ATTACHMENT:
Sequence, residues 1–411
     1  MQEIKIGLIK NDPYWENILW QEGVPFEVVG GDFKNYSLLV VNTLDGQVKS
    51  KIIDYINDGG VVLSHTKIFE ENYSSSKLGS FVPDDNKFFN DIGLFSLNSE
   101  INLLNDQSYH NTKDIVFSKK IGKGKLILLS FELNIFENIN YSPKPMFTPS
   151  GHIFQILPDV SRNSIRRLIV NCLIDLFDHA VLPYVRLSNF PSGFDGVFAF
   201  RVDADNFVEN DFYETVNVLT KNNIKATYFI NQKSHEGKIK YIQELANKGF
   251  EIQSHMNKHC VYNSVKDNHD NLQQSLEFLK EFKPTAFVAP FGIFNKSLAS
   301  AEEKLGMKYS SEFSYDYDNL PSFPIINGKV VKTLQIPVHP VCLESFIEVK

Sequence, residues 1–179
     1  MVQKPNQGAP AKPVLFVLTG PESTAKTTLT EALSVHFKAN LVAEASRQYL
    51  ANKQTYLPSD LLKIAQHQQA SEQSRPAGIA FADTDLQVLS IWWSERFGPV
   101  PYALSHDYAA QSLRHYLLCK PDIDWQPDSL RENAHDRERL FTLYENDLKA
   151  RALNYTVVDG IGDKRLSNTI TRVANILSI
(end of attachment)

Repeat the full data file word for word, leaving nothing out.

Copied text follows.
Sequence, residues 1–411
     1  MQEIKIGLIK NDPYWENILW QEGVPFEVVG GDFKNYSLLV VNTLDGQVKS
    51  KIIDYINDGG VVLSHTKIFE ENYSSSKLGS FVPDDNKFFN DIGLFSLNSE
   101  INLLNDQSYH NTKDIVFSKK IGKGKLILLS FELNIFENIN YSPKPMFTPS
   151  GHIFQILPDV SRNSIRRLIV NCLIDLFDHA VLPYVRLSNF PSGFDGVFAF
   201  RVDADNFVEN DFYETVNVLT KNNIKATYFI NQKSHEGKIK YIQELANKGF
   251  EIQSHMNKHC VYNSVKDNHD NLQQSLEFLK EFKPTAFVAP FGIFNKSLAS
   301  AEEKLGMKYS SEFSYDYDNL PSFPIINGKV VKTLQIPVHP VCLESFIEVK

Sequence, residues 1–179
     1  MVQKPNQGAP AKPVLFVLTG PESTAKTTLT EALSVHFKAN LVAEASRQYL
    51  ANKQTYLPSD LLKIAQHQQA SEQSRPAGIA FADTDLQVLS IWWSERFGPV
   101  PYALSHDYAA QSLRHYLLCK PDIDWQPDSL RENAHDRERL FTLYENDLKA
   151  RALNYTVVDG IGDKRLSNTI TRVANILSI